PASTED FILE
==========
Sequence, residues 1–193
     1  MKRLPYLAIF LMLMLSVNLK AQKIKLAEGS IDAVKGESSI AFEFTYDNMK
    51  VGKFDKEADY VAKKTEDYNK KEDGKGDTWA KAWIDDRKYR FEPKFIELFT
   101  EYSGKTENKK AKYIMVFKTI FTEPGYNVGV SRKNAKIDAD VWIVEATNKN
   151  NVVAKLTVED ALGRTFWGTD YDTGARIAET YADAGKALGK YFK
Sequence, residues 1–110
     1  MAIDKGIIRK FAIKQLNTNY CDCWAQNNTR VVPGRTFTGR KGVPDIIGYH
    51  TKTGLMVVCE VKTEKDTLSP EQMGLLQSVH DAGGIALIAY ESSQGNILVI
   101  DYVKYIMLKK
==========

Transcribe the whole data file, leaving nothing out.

Sequence, residues 1–193
     1  MKRLPYLAIF LMLMLSVNLK AQKIKLAEGS IDAVKGESSI AFEFTYDNMK
    51  VGKFDKEADY VAKKTEDYNK KEDGKGDTWA KAWIDDRKYR FEPKFIELFT
   101  EYSGKTENKK AKYIMVFKTI FTEPGYNVGV SRKNAKIDAD VWIVEATNKN
   151  NVVAKLTVED ALGRTFWGTD YDTGARIAET YADAGKALGK YFK
Sequence, residues 1–110
     1  MAIDKGIIRK FAIKQLNTNY CDCWAQNNTR VVPGRTFTGR KGVPDIIGYH
    51  TKTGLMVVCE VKTEKDTLSP EQMGLLQSVH DAGGIALIAY ESSQGNILVI
   101  DYVKYIMLKK